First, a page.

To counteract the slight bitterness of tea (and often the sourness of lemon), there can be a surprising amount of sugar in sweetened tea. One popular brand has 12 teaspoons of sugar in a 16 oz bottle. Homemade is easy to make, tastier, and you can control exactly what is in it.


Juice Drinks and Fruit-Flavored Drink Mixes

Kool-Aid, or similar beverage
Not the best choice. Stephanie Phiillips/E+/Getty Images

Anything labeled a "juice drink" is basically sugar water flavored with juice. Furthermore, the juice is usually mostly a very low-nutrient juice, such as apple (most of the nutrients are lost when refined apple juice is made), pear, or white grape. Juice drinks vary in the amount of sugar they have in them. Servings are usually 6 or 8 ounces and have anywhere from 16 grams (4 teaspoons) of sugar to twice that.

Drink mixes such as Kool-Aid are, of course, even worse. They have zero nutritional value. They are ONLY sugar, water, and flavorings. Each 8-ounce glass delivers 6 teaspoons of sugar and absolutely nothing else.


Fruit Juice

Fruit Juice
Some fruit juices have more sugar than soda!. Marilyn Conway/Photographer's Choice/Getty Images

What about 100% fruit juice? By definition, 100% juice has no added sugar. But it can take 2 or 3 cups of fruit to make one cup of juice, so there are a LOT of natural sugars in some juices. You are also losing nutrients and fiber when you choose to buy juice instead of fruit. 

Make sure look at the label to answer the question, "what kind of fruit"? Because, once again, there are lots of juice blends that have predominantly low-nutrient fruit juices in them (apple, pear, white grape). The majority of the nutrients (and phytonutrients) in an apple or pear are taken away in the process of making the juice.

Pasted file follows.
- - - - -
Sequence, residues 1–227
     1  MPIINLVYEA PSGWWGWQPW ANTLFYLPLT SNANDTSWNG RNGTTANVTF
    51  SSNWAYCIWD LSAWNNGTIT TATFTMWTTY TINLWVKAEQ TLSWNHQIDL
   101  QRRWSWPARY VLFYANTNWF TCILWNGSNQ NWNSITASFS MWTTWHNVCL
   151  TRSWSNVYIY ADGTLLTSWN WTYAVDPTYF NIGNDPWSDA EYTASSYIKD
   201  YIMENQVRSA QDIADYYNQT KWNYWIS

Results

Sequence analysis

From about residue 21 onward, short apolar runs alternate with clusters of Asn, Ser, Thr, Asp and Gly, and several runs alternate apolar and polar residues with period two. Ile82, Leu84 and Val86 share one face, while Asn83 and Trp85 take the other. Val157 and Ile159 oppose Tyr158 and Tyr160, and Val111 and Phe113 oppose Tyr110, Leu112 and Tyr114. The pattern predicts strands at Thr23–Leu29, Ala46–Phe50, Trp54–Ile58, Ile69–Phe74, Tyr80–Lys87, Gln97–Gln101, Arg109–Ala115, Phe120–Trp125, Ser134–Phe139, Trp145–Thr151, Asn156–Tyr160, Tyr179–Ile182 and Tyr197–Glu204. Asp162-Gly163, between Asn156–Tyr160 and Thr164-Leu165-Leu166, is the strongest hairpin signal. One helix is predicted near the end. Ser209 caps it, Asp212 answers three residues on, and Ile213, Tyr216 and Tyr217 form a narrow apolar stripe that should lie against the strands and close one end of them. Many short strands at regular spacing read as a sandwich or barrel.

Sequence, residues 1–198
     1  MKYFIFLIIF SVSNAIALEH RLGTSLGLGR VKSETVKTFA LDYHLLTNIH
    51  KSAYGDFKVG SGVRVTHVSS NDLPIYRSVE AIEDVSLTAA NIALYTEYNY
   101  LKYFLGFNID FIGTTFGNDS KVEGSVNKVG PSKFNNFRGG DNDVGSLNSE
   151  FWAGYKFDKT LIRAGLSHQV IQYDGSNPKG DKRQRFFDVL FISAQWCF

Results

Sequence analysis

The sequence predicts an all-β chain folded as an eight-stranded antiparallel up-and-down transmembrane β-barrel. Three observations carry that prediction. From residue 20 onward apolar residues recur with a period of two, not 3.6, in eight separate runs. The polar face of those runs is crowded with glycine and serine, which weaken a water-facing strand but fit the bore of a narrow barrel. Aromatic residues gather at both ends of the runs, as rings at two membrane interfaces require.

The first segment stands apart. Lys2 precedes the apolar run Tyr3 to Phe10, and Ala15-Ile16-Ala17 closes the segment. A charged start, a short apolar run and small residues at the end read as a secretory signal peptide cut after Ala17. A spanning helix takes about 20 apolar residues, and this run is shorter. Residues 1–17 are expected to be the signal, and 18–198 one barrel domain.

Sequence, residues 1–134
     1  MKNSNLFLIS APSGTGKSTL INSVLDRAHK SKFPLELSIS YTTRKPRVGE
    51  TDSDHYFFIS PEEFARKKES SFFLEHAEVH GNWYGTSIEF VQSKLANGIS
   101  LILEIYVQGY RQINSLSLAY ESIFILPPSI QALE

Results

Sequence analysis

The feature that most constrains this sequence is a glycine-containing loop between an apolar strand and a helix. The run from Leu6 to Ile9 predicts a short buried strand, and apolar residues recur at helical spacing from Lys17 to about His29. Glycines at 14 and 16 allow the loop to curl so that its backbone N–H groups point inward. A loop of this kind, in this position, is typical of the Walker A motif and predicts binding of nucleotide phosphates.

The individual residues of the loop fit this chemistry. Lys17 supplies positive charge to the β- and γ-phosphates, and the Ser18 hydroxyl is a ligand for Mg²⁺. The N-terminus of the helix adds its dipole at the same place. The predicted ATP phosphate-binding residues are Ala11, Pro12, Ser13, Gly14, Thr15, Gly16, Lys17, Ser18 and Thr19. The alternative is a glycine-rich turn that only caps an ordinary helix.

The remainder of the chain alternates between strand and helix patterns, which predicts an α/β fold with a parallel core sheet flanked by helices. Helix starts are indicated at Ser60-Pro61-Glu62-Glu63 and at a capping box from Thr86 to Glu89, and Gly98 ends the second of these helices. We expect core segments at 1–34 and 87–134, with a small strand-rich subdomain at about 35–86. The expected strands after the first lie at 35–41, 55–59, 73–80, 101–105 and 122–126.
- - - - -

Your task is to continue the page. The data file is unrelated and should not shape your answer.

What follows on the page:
Even with more nutritious juices, such as orange juice, it's SO much better to eat an orange. Some of the nutrients, such as calcium, are lost in the processing, as is all of the fiber. Also, to keep these juices uniform, many of them are processed within an inch of their (long-lost) lives, with lots of different adulterants and flavorings added.

Eating fruit is much better from a blood sugar perspective as well -- drinking fruit juice is a very effective way to get a quick blood sugar rise, as any diabetic will tell you.

How much sugar in fruit juice? You may be surprised to learn that some of them have more than soda!  Probably the highest-sugar juice is grape juice, at a whopping 38 grams (12 and a half teaspoons) per cup of juice. That's over a quarter cup of sugar in a cup of juice! Orange juice has about 28 grams (7 teaspoons) per cup, while grapefruit has 22 grams.

For low-sugar juices, try diet cranberry cocktail, which has artificial sweetener added instead of sugar, or go with tomato juice, either alone or in blends, for 11 grams per cup (a little less than three teaspoons of sugar).

Tip: If a juice has the word "cocktail" or "nectar" in the title, check the label.  Most likely, either sugar or some low-nutrient juice has been added.



Not all cocktails have sugar added to them -- a dry martini or a Bloody Mary are examples of those that do not. However, most popular cocktails are pretty loaded down with sugar. They are made with ingredients such as simple syrup (sugar dissolved in water), sweet and sour mix (sour juices mixed with water and sugar) and liqueurs, such as Amaretto, Kahlua, and Cointreau, which can have up to 25 grams of sugar (6 teaspoons) in a jigger. So, be careful when ordering! Or try making sugar-free cocktails at home!  It's fun and easy!

Example: a small margarita can easily have 24 grams of sugar in it.

Was this page helpful?